There is another dimension of events in kobane that is not getting much attention. Kobane is one of the 3 cantons of Rojava, which represents a unique political and social experiment. "Social ecology", a concept that was founded by Murray Bookchin, is the guiding principle behind this experiment. This philosophy was embraced by Abdullah Ocalan after he became disillusioned with Marxist Leninist thought. There was a very deliberate effort to find an alternative guiding principle. On a governmental level it is about municipal confederalism, which rejects statism. Think "Articles of Confederation", but less centralized. On a social level it includes the ideal of a matriarchal society, which is presently the opposite of society in that area. It seems that the idea behind this is that the drive to dominate other people is part of the patriarchal social model, and they need to change their civilization before trying to implement a new political system The philosophy is still evolving. In recent years it has been cut loose from a previous association with anarchist thought. What is happening in Kobane has parallels with the Paris Commune of 1871, which inspired Karl Marx.
In response to:

Putin Meets with North Korea

Mike1116 Wrote: Nov 22, 2014 4:55 AM
The KRG (Kurdistan regional Government) is resisting a tremendous popular pressure for independence. Go to YouTube and search for "My Kudistan" (with English subtitles). Iraq, Syria, Afghanistan and many former colonies in Africa were created out of several ethnic groups to deliberately make the people weak and unable to resist a Tyrant. These countries are inherently unstable without a Tyrant in charge. It is time the US recognizes the error of this policy. Dividing these countries along ethnic lines would create inherently stable countries that could be effectively ruled by the will of the people. Giving the Pashtuns a state of their own would take the pressure off of the rest of Afghanistan and give Pakistan something to do other than trying to destabilize Afghanistan.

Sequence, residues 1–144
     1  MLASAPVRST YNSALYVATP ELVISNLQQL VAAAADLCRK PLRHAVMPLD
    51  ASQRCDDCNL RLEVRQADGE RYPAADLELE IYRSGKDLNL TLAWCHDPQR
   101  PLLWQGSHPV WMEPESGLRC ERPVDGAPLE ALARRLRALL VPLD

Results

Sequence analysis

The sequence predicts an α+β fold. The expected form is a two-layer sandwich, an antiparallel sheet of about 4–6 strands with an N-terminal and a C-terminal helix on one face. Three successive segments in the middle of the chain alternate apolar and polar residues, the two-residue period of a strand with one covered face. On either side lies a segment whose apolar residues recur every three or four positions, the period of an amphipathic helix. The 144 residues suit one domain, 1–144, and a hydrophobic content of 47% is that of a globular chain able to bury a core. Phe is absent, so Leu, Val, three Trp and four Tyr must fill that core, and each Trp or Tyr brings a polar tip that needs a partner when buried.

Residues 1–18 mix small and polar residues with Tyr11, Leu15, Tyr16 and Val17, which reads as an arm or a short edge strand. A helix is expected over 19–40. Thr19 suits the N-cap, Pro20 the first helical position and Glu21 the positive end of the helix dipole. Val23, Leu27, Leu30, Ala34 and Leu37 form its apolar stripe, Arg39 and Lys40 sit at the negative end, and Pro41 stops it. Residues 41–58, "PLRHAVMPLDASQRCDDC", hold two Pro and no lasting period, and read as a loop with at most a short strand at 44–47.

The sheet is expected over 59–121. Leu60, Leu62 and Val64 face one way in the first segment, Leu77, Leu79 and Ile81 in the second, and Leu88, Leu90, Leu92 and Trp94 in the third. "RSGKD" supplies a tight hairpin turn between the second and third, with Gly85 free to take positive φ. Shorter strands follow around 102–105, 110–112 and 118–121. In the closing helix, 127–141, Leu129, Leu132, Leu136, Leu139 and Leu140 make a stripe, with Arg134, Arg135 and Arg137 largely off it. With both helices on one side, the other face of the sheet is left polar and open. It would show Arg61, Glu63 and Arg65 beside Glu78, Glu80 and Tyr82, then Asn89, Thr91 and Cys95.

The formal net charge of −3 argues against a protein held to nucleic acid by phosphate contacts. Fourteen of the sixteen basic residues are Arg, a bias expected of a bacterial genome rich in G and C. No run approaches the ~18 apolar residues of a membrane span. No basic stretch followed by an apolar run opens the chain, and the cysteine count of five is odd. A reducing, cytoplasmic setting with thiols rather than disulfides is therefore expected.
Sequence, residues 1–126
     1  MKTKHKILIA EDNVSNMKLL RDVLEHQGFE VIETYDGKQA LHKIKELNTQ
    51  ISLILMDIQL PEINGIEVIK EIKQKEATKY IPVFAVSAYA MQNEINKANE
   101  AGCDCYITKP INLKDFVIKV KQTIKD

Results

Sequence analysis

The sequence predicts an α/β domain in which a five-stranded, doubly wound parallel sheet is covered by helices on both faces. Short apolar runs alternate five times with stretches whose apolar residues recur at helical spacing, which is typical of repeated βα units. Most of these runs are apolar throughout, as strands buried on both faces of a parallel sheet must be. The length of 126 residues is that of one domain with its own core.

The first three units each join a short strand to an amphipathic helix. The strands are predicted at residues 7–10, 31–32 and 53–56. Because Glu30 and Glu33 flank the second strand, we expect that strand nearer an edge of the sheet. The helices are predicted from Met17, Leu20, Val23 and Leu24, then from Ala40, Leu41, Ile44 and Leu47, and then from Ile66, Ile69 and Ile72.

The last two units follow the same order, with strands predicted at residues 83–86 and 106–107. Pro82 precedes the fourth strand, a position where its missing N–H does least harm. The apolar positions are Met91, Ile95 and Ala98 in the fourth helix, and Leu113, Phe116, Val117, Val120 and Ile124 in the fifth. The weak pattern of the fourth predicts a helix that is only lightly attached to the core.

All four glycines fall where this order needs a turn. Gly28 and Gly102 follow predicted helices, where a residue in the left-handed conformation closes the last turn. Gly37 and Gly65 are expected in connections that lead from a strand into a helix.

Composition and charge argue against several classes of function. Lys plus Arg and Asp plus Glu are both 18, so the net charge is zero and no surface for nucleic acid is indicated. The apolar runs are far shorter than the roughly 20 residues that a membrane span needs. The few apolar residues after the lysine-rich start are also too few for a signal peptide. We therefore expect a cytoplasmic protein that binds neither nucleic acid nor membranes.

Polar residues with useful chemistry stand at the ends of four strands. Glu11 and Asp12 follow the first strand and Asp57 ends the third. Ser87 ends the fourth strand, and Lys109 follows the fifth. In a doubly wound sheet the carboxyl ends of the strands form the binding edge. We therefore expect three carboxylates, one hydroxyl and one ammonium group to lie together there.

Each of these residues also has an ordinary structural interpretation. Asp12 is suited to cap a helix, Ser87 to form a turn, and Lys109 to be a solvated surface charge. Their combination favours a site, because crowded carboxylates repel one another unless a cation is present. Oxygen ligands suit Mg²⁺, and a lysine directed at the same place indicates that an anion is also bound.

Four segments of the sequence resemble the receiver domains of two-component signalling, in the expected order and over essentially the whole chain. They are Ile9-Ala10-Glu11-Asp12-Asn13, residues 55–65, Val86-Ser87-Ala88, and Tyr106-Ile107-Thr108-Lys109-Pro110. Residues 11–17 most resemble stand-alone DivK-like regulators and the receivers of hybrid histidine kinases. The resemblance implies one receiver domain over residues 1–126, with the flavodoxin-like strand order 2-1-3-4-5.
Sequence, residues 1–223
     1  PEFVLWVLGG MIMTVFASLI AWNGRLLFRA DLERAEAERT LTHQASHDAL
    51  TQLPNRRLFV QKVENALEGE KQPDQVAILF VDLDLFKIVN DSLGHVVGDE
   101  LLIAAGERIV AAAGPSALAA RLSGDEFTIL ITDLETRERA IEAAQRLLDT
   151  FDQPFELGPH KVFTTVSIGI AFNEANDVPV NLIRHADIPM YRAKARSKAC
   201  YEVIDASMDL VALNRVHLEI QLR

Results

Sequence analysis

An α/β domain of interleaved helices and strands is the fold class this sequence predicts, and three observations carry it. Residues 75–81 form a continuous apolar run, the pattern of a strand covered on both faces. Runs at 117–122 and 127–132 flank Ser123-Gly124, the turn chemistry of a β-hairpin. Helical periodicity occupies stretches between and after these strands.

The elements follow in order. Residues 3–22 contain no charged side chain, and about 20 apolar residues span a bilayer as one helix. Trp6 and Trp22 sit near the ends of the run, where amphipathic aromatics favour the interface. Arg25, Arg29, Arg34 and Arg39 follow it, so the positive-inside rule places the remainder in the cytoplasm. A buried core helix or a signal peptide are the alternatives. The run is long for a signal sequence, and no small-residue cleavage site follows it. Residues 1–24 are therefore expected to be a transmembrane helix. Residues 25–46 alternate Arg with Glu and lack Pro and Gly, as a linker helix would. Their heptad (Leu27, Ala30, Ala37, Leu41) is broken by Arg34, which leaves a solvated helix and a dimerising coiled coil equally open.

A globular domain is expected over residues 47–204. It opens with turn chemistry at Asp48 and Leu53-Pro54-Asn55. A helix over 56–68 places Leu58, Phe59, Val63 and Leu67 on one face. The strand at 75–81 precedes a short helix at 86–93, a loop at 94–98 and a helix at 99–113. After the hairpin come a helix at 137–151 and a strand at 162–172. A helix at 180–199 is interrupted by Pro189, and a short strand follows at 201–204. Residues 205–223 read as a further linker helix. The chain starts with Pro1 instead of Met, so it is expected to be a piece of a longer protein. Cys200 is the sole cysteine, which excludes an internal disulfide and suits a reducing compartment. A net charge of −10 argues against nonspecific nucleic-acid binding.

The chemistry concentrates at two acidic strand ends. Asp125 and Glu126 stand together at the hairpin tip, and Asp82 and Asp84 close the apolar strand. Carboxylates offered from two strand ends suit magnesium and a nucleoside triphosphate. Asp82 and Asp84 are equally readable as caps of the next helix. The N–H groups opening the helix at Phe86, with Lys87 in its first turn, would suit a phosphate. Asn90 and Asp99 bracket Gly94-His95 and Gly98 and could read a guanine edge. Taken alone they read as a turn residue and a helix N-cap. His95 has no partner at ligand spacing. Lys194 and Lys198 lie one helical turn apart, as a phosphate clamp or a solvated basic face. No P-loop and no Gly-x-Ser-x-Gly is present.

The ideology of the YPG, the Kurdish militia of Syria that is defending Kobane, is hard to categorize. They follow the thinking of Abdullah Ocalan (Apo), which has changed from being Marxist Leninist at one time. They consider themselves to be social revolutionaries. They believe in a matriarchal society and ecology is very big with them. They are also against statism, whatever that means. They believe that society went wrong with the invention of agriculture. The tribal society is ideal. They believe that socialism did not work because it required the creation of a new civilization, which did not happen. They are taking the emphasis off of socialism and placing it on creating the new civilization first. Unlike standard leftists, they are extremely nationalistic, but they are completely tolerant of others as long as those others will leave them in peace. As you can see, they are highly motivated and dedicated and indoctrinated, and more than willing to die to defend their country and people. I notice that in many pictures of the women YPG fighters in Kobane (who seem to be the majority), they are often smiling and laughing and looking very at ease. In a video interview of the peshmerga commander in Kobane you could hear children in the background laughing and playing. Those who are wounded say how anxious they are to get back into the fighting. One gravely injured fighter was on her deathbed singing a patriotic song with power and feeling. These people are not going to fight our wars for us, but they will certainly hold their ground if given the weapons. A good strategy for for them and for us is for them to take a strip of land all along the Turkish border to seal off ISIS from the outside world and to unite the 3 cantons of Syrian Rojava.